Moral Contradictions

Tuesday, March 28, 2006


Last week was BTSR's spring break and I missed not having my Baptist Heritage class. I know I'll be saddened once the semester is over.

Dr. Cecil Sherman is a living legend.

I could listen to his stories for hours. The class is only 2 hours long and I wish it was more. The man had to look deep within the "soul" of Baptists, understand how church was to be conducted, and then took a stand against the practices of a bunch of power hungry folks bent on perverting principle and tradition for their own gain.

Dr. Sherman had the love and willingness to take that stand and the wisdom to create a new convention in the CBF. He had to look at two ways of organizing churches:

1. The convention route, which had the advantage of being more efficient, yet as the SBC proved, could be used to pressure the churches and institutions it was designed to help, and that was no good.

2. He could create separate "societies", distinct groups to fund individual missions. By and large, according to Dr. Sherman, this is how the American Baptists work. However, this method isn't always the most efficient, but it does keep the power in the local church and out of the hands of theological uniformists.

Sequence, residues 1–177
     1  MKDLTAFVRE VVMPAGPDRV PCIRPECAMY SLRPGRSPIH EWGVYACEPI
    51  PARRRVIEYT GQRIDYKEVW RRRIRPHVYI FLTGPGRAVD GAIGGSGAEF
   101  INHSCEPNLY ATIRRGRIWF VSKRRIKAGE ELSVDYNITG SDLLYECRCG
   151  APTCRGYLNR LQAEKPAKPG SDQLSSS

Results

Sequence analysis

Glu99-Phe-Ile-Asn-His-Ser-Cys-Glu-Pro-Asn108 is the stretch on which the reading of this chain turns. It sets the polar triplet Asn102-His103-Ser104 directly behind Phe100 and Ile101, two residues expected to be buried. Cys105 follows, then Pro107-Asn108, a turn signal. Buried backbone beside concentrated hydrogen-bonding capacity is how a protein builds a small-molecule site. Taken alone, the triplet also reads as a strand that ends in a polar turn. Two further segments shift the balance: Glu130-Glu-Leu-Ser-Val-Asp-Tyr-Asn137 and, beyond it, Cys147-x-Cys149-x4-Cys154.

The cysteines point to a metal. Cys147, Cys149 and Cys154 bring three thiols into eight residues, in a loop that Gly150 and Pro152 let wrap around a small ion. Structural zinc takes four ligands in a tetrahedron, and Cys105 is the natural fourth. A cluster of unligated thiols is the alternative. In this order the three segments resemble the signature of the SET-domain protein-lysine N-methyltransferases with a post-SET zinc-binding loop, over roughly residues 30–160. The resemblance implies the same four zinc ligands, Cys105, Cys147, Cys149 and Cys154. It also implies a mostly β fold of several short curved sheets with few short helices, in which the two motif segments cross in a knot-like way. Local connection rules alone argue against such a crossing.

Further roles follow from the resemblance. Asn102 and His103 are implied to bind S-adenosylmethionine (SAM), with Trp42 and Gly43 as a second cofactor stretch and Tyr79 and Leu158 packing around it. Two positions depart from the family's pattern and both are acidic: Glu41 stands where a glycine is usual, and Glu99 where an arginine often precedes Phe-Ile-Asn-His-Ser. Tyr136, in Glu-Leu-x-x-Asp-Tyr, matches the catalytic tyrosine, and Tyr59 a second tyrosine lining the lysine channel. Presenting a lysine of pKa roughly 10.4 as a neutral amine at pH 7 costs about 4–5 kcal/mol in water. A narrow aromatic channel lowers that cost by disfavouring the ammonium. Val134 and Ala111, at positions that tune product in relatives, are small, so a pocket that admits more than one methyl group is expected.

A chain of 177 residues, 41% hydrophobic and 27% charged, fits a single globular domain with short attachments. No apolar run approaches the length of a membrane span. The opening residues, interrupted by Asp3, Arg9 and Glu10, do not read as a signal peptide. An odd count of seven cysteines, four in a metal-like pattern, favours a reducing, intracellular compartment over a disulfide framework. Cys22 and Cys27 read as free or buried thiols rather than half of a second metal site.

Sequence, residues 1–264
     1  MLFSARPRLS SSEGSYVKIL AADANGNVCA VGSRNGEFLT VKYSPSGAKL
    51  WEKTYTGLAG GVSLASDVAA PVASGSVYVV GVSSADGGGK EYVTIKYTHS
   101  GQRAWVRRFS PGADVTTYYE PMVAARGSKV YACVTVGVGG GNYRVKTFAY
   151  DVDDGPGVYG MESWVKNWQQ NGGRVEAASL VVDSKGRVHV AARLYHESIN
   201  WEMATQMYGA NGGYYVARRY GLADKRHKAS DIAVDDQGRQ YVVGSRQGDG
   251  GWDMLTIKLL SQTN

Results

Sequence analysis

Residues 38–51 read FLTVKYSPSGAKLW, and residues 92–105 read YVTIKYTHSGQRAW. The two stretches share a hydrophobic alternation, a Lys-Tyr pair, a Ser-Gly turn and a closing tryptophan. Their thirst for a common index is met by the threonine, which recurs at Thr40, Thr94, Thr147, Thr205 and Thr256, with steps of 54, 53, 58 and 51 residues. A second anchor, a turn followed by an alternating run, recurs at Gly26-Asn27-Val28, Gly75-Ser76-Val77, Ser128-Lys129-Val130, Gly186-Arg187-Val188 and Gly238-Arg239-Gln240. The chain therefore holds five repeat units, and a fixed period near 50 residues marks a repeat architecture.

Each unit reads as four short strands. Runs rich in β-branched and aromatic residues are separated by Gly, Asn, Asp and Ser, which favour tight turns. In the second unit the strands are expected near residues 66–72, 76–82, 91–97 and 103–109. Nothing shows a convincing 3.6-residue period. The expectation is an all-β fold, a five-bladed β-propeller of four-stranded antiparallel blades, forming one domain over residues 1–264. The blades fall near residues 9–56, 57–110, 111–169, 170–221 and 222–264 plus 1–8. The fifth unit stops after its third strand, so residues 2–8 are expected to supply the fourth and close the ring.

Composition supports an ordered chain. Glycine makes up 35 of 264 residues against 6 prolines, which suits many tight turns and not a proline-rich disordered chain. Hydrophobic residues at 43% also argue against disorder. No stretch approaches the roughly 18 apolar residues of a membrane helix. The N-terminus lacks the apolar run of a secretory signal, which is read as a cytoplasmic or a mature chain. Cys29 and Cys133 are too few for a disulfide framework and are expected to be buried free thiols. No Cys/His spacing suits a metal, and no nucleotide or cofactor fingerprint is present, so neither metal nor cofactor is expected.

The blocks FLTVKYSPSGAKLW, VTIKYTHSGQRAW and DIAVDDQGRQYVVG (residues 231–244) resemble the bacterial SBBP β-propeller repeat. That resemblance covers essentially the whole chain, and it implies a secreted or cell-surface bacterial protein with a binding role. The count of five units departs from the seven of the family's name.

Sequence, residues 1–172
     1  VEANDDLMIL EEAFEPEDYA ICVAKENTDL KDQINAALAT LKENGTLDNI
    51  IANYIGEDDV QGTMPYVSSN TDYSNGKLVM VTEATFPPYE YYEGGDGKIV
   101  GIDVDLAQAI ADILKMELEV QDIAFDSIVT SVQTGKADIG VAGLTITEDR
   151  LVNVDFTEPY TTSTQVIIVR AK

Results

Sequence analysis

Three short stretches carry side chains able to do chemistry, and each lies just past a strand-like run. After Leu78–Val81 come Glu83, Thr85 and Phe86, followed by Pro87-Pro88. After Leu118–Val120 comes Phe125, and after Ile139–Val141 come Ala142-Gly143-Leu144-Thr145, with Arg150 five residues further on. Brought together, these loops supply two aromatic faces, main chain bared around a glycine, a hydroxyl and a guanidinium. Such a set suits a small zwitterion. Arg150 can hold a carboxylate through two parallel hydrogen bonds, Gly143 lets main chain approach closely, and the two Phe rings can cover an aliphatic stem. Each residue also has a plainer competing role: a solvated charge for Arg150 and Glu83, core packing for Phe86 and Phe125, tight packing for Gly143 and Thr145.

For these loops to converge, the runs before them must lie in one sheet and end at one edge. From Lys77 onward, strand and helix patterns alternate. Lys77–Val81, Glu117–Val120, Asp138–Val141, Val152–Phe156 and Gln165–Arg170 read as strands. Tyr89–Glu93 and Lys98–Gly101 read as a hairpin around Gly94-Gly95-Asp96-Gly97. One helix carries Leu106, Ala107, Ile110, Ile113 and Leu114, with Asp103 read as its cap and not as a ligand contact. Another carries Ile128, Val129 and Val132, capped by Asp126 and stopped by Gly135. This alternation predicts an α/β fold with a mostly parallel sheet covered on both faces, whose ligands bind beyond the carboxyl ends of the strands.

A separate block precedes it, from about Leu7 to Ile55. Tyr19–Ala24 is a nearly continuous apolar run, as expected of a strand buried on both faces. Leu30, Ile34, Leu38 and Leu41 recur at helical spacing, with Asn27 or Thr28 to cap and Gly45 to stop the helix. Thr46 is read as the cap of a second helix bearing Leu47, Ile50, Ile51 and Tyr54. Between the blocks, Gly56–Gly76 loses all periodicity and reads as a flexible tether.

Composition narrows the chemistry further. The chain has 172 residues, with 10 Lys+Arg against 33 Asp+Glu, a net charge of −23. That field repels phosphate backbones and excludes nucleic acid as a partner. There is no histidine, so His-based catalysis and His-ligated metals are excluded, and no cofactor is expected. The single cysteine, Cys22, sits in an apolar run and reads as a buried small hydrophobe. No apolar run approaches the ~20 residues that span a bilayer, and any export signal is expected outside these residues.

Dr. Sherman had to create something in the middle and was responsible for its success. He's really big on church polity ("how we do church... are you here?"), as it relates to what are roots are as Baptists and how that translates to what we do today.

That's where my heart is. How does our history and heritage intersect with how we do church, and how does church intersect with the world?

Anyways... I'm wondering if anyone's done a biography on Dr. Sherman. I firmly believe that years from now in other Baptist Heritage classes his name will come up often.

I'm seriously thinking of reading up as much as possible on the creation of the CBF and all things associated and then asking him if I can do some sort of bio on him. I really don't feel like I'm qualified at all, but I can envision at least interviewing him and taking notes and using those later on for a dissertation or something.

It's so exciting to learn more about myself and my calling even at my old age. :)


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